5.6

Unfriended

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<i>Unfriended</i>

Unfriended, the new offering from low-budget purveyors of genre flicks Blumhouse Productions, is more of an interesting formal experiment than a successful narrative, told entirely via social media: Facebook, Instagram, Skype, Snapchat, etc. As such, it very much wants to be a horrific cautionary tale about the modern age in which we live, where everything is documented, so no event, no matter how trivial or ostensibly hidden, is private. Far from a modern horror stand-by, like a The Ring or The Blair Witch Project for our selfie-obsessed generation, it’s never quite scary enough, never quite insightful enough, though its unique hook sets it apart from the found footage fiascos of REC or V/H/S.

Blaire’s (Shelly Hennig) night starts out like any other. She Skypes with her boyfriend Mitch (Moses Jacob Storm), checks her Facebook updates, listens to music and chats with her friends. Before long, however, a mysterious online presence stalks Blaire and her buddies, and this may or may not be related to their friend and classmate Laura (Heather Sossaman), who was driven to suicide exactly one year ago … today. Cue dramatic music!

Playing out in real time, and framed as a continuous shot, Unfriended quickly establishes the self-appointed limitations of its approach—but that is actually one of the strengths of the movie: the audience only ever sees Blaire’s computer. The camera focuses on her screen; we see what she sees. This includes her friends on their computers, and her in her own window as well. She flips back and forth between tabs and applications, talking with someone, IMing someone else, fielding Facebook messages, Googling answers to questions, checking her email. The open tabs at the top of the screen offer insight into the character: She’s shopping, doing research for school or watching the video of Laura’s death (as well as the video that pushed Laura over the edge). In a little bit of meta-commentary (or cross-marketing), one window is even open to the page for MTV’s Teen Wolf, a show in which Hennig appears. All of this admittedly sounds clunky, but Russian director Levan Gabriadze makes it feel organic; there’s a logic and flow to Blaire’s actions online.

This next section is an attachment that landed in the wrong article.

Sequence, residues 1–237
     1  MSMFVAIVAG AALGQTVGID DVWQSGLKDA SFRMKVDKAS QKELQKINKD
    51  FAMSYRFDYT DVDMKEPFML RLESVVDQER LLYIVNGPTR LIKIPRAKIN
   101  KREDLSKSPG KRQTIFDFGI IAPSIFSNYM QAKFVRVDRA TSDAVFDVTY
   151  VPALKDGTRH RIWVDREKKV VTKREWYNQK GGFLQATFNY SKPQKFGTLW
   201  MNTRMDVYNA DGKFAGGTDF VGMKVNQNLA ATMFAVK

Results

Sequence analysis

Where Unfriended works best is in the build up, and as things gradually get creepier and creepier—Blaire and her online pals think there’s a glitch, then they think someone is playing a trick on them, then it becomes clear that there is something more sinister at work—the narrative peels back layers until the story is legitimately unsettling and uneasy: Something very familiar, but off just enough to seriously signal that not all is right with this world.

Unfortunately, by the time the film reaches its second act, as whatever mysterious force torments the friends, playing them against one another by forcing them to reveal their darkest secrets, it becomes more overwrought and melodramatic than scary. There is a great deal of screaming teen and contrived onscreen deaths, none of which is particularly engaging, even in a campy kind of way.

At one point, a character calls the police and says, “I’m at home, I’m online,” imbuing this new space, this other space, with a kind of hyper-reality. Elsewhere, desperate for help, unable to log off without deadly consequences, she turns to strangers on Chat Roulette for help. Unfriended comments on social media and the way we interact with these new tools that take over our lives, taking on cyberbullying and online harassment, hazards faced everyday by a new generation. While these are both noble aims, Unfriended is too slight and sparse to say much of anything. Straightforward and critical of the groupthink you so often find online, as well as the anonymity that allows this kind of negative, usually consequence-free behavior, the film is cautionary—but nothing more than that.

Director: Levan Gabriadze
Writers: Nelson Greaves
Starring: Shelly Hennig, Moses Jacob Storm, Will Peltz, Renee Olstead, Jacob Wysoki, Courtney Halverson
Release Date: April 17, 2015

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